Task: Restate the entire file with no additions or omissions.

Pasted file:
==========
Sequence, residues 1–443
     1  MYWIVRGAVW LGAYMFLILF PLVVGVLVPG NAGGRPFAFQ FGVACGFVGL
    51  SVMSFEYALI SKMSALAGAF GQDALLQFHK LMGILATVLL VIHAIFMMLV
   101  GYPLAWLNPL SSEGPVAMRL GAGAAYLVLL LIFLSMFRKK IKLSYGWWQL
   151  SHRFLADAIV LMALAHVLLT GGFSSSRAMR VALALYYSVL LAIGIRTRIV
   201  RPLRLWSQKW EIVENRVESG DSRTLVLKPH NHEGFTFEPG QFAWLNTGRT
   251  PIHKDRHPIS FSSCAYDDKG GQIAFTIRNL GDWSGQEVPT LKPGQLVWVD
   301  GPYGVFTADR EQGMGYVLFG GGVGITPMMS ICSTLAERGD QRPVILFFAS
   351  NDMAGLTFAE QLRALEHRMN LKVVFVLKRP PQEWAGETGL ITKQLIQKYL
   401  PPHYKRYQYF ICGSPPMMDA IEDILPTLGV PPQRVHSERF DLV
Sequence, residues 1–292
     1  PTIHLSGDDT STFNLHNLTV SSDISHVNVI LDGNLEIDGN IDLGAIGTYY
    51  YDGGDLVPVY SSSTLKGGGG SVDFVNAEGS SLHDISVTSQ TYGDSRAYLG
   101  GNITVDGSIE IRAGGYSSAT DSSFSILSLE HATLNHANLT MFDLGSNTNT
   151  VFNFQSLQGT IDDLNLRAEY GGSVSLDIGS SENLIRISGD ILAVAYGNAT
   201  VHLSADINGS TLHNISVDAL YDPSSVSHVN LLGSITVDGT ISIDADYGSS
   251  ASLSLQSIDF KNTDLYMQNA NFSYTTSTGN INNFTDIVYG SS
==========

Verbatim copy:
Sequence, residues 1–443
     1  MYWIVRGAVW LGAYMFLILF PLVVGVLVPG NAGGRPFAFQ FGVACGFVGL
    51  SVMSFEYALI SKMSALAGAF GQDALLQFHK LMGILATVLL VIHAIFMMLV
   101  GYPLAWLNPL SSEGPVAMRL GAGAAYLVLL LIFLSMFRKK IKLSYGWWQL
   151  SHRFLADAIV LMALAHVLLT GGFSSSRAMR VALALYYSVL LAIGIRTRIV
   201  RPLRLWSQKW EIVENRVESG DSRTLVLKPH NHEGFTFEPG QFAWLNTGRT
   251  PIHKDRHPIS FSSCAYDDKG GQIAFTIRNL GDWSGQEVPT LKPGQLVWVD
   301  GPYGVFTADR EQGMGYVLFG GGVGITPMMS ICSTLAERGD QRPVILFFAS
   351  NDMAGLTFAE QLRALEHRMN LKVVFVLKRP PQEWAGETGL ITKQLIQKYL
   401  PPHYKRYQYF ICGSPPMMDA IEDILPTLGV PPQRVHSERF DLV
Sequence, residues 1–292
     1  PTIHLSGDDT STFNLHNLTV SSDISHVNVI LDGNLEIDGN IDLGAIGTYY
    51  YDGGDLVPVY SSSTLKGGGG SVDFVNAEGS SLHDISVTSQ TYGDSRAYLG
   101  GNITVDGSIE IRAGGYSSAT DSSFSILSLE HATLNHANLT MFDLGSNTNT
   151  VFNFQSLQGT IDDLNLRAEY GGSVSLDIGS SENLIRISGD ILAVAYGNAT
   201  VHLSADINGS TLHNISVDAL YDPSSVSHVN LLGSITVDGT ISIDADYGSS
   251  ASLSLQSIDF KNTDLYMQNA NFSYTTSTGN INNFTDIVYG SS